Tui Shou - Push Hands

Complete home study course Greetings, Welcome to the special on-line Tui Shou or Push Hands course produced by Michael Gilman. This will be one of the most comprehensive Push Hands courses yet taught. My plan is to take you through the entire Yang style Push Hands curriculum with no thought to time or space. We will start with warm ups, basic principles, basic stances, and basic ideas about what we will attempt to accomplish. The next step will be to explore what is known as two hands practice, where both participants use one arm. The two broad categories are fixed or active stepping. In each of these there are subcategories like direction (horizontal and vertical), energies (peng, lu, ghee, and an for instance), and ideas of what we want to accomplish with each part of each movement. We will start with fixed step and then look at moving steps. We will then study four hands (each participant use both arms). We will start with the traditional Yang family style fixed practice,then study the other popular style that tends to be more fluid and allow more ease in moving and changing. After fixed we will add moving steps. Following four hands we will look at Da Lu and figure out how the corners and supporting energies add to our enjoyment and proficiency. The last section will focus on free style and tournament play. This is where we let go of thinking about the basics and just let our bodies take over. I will add tips I have gleaned from being a Grand Champion competitor and tournament judge, referee, and promoter. As with all my other online classes, there are companion videos available to enhance your learning experience. Please feel free to contact me with any questions or comments. I look forward to working on this with you. Push Hands is a feeling art. It is difficult to write about the skills of joining, sticking, leading, etc., if you have never experienced them before or pushed with an experienced player. If you can have a training partner near to practice with it, will certainly make all the information real and much easier to understand. So let¶s get started. Also, if you are an instructor or a member of a school that plays Push Hands, you might be interested in my article entitled "Push Hands for Fun and Profit" in the Featured Articles section of this site.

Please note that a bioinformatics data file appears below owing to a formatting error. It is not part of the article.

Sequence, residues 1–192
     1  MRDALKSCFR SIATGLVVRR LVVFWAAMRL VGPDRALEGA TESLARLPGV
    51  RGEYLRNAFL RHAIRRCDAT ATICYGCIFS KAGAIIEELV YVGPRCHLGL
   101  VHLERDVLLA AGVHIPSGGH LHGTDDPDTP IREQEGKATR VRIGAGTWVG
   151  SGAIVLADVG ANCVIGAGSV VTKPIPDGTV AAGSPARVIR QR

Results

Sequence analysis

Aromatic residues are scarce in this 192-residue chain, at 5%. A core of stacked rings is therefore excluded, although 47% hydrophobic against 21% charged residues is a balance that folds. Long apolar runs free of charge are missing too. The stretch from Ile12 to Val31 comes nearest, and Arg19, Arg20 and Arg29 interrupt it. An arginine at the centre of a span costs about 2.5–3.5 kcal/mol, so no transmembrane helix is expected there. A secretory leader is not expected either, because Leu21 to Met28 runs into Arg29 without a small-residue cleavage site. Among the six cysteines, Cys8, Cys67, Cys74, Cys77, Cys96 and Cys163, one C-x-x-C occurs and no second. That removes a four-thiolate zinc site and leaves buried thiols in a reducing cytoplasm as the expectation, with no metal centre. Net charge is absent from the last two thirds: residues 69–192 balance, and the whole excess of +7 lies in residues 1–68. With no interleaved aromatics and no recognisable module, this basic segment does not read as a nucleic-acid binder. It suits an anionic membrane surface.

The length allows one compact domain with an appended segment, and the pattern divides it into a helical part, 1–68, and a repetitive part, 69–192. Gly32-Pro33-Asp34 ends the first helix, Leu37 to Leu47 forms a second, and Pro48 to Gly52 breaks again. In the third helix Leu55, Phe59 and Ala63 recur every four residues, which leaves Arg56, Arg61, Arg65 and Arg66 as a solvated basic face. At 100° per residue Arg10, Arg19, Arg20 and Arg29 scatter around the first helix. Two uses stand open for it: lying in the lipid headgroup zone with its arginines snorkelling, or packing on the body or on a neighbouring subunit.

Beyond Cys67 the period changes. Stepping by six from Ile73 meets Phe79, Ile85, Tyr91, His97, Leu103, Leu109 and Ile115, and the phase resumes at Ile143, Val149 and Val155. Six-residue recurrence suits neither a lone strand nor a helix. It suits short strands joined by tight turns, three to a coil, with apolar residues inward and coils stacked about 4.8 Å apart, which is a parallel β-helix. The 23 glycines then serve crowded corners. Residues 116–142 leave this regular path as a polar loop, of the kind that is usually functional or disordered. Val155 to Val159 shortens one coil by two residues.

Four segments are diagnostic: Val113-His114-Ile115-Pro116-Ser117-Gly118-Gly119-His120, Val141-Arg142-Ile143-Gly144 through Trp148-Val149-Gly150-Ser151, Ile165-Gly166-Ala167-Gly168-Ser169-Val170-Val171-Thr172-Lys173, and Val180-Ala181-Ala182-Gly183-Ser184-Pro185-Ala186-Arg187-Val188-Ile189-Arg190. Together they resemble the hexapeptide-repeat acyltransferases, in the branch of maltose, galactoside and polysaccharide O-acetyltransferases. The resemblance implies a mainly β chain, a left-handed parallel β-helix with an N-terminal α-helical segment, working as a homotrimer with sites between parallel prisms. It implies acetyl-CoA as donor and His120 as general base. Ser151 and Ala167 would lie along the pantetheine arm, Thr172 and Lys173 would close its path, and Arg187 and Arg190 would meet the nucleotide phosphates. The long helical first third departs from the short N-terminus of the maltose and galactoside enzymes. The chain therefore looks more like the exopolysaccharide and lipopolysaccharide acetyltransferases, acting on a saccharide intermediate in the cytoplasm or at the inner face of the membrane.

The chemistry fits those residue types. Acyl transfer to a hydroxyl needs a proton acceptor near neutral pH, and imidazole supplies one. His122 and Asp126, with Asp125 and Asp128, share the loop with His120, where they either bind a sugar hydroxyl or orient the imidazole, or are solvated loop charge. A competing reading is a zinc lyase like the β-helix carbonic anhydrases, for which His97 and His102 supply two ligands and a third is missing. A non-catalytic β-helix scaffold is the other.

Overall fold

Lesson 1
Basic Introduction

Les s on 1